In their original form, these notes were strictly script-based. But then I began to incorporate into them various other miscellaneous materials and observations that I used when teaching elementary and intermediate Hindi/Urdu. At first I put such additions in at the end, just because I hated to waste them: there seemed to be no other suitable place for them, and I definitely did not plan to write a whole introductory book. But gradually I found ways to integrate them into the script materials, both for my own enjoyment and because I noticed that these classroom notes seem to find a larger number of users than I expected.

The basic "target audience" for these notes is people who know English well, and Hindi/Urdu much less well. I also often throw in comments that are addressed to the Urdu script learner who already knows the Devanagari script that is used for Hindi. But I never assume that knowledge when explaining things. So if you don't know Devanagari script, you can use these notes perfectly well, and maybe they will inspire you to learn Devanagari script. It's about ten times easier than the Urdu script, and very much more user-friendly for the beginner. And anybody who doesn't want to have two readable "languages" for scarcely more than the price of one is, in my view, very foolish.

If you're a real native speaker who simply wants the script, you'll find all the observations about grammar and pronunciation unnecessary. But you can just ignore them, and look only at the script-related materials. I'm sure you'll understand that I need to provide more help for others who are learning Hindi/Urdu from the ground up, as I did: from books, teachers, analysis, friendly native speakers, and years of practice.

There are bound to be some script-display glitches and problems, when you use the "script bar" at the bottom of the page. I've tried to anticipate where these might occur, and to provide enough redundancy so that the meaning will always get across. Basically, the display is meant to work as well as possible for the Urdu script; for Devanagari it may often provide a form of transliteration, rather than reflecting modern standard Hindi spelling. Since Urdu script is what we're working on here, that "transliteration" effect may even be helpful at times..


0.5 == A tribute to Devanagari

Devanagari is the script that I started out with. Like most learners, I found that in an hour or two I could grasp its theory very satisfactorily, and in a week or two I knew it well enough to have no further problems. As a language-learner I found it a faithful friend: it was almost entirely phonetic, it helpfully told me all the short vowels-- how could anyone not feel gratitude and affection? By contrast, Urdu script, when I later started to learn it, was a rude shock; it took some years before I could read Urdu as well as I could read Devanagari after two weeks.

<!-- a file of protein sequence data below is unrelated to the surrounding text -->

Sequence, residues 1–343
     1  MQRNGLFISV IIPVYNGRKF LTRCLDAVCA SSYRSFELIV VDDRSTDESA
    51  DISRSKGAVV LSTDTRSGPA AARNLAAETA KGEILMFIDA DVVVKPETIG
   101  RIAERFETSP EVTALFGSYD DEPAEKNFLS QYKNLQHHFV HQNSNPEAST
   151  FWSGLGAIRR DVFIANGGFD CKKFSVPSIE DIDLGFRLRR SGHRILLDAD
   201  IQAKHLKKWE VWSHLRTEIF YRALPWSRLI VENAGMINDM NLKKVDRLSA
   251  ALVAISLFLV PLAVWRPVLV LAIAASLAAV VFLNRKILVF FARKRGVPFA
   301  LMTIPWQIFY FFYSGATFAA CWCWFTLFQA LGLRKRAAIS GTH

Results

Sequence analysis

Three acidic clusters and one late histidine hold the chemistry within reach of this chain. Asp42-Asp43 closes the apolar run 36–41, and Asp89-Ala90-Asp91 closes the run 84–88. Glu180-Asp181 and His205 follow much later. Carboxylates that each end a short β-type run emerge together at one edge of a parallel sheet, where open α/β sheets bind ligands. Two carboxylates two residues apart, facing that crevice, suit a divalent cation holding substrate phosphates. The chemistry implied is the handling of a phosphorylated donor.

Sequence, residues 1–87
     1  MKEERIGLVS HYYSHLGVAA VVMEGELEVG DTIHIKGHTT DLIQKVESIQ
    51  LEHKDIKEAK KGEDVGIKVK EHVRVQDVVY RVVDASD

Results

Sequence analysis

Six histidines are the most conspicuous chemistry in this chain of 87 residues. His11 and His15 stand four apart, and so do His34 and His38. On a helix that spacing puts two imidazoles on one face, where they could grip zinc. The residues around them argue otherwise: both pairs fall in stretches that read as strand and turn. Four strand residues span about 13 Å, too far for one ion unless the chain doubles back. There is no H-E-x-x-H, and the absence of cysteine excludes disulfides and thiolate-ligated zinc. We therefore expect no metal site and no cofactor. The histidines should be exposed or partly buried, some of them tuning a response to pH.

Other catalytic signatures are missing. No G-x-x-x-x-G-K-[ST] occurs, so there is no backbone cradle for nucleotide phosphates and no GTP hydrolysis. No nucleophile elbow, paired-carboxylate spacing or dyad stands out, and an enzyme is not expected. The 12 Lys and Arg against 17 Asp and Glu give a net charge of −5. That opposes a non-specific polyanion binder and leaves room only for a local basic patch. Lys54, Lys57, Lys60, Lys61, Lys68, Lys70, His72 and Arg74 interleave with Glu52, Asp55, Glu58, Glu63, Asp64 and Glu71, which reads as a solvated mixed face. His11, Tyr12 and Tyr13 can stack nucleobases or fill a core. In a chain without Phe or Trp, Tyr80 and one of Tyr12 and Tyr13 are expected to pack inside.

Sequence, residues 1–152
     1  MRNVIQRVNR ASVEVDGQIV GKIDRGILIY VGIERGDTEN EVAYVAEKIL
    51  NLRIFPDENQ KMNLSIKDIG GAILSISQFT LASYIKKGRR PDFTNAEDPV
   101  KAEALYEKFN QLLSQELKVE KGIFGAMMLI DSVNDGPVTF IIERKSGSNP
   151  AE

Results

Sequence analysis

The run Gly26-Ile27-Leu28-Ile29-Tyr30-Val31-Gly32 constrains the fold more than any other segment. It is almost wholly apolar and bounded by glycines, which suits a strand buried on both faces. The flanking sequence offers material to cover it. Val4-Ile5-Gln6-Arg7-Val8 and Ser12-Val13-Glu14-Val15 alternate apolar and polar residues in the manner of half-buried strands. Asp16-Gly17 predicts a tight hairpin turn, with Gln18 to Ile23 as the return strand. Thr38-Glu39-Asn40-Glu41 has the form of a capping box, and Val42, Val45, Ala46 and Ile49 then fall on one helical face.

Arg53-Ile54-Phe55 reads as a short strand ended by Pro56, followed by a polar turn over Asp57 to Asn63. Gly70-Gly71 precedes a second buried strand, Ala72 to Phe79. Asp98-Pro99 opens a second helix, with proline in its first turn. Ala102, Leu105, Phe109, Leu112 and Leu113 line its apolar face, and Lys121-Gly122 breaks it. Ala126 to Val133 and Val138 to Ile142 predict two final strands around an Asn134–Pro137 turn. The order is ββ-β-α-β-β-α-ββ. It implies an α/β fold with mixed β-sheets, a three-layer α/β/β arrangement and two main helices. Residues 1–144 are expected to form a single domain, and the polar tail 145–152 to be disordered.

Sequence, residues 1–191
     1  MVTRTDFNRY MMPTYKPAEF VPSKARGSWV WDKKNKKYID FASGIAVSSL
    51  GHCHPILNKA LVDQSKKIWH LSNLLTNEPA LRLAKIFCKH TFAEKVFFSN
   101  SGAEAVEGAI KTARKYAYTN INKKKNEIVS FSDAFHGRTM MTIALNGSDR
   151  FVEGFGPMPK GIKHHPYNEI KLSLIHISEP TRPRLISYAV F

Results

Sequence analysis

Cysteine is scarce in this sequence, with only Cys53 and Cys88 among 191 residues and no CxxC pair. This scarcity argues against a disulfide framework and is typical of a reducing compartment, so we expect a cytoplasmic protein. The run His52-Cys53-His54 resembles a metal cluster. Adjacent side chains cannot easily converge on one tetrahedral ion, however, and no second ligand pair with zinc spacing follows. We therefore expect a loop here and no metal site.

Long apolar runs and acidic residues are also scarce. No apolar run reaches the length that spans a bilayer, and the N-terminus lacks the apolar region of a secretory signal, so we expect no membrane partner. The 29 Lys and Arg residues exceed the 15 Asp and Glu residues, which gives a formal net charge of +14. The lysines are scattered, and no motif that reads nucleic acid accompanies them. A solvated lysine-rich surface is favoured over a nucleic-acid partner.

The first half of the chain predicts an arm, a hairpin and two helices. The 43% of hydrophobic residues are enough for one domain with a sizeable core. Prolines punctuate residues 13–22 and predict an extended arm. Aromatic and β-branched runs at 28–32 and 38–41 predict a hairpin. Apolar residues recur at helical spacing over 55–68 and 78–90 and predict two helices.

I also love the beautifully rational qualities of the Devanagari script. Just take a look at the array of consonants on this standard alphabet chart. Each letter in the main grouping has a place in a grid, with vertical columns identified by the nature of the sound, and horizontal rows identified by the place in the mouth (moving from back to front) where the sound is made. Could anything be more lucid, logical, and linguistically sound? No wonder the letters have no special names in Devanagari: most of them are already defined by their grid-place. (Many other major Indian scripts more or less share this kind of consonant grid.)

By contrast, the Urdu script is arranged by shape, in a way that's basically not phonetically useful. And the English alphabet is arranged by no criterion whatsoever. You'd think that Hindi textbooks would enjoy presenting the script chart in all its glory, with more than a trace of smugness about its linguistic elegance. Yet most of them don't: they just give you the letters and move right on. It always surprises and dismays me to see how the beauties of the consonant grid are ignored in many modern textbooks. I'm glad to have this small chance to celebrate the exceptional and wonderful features of Devanagari.

xx

== on to Section 01 == Urdu script index page == fwp's main page ==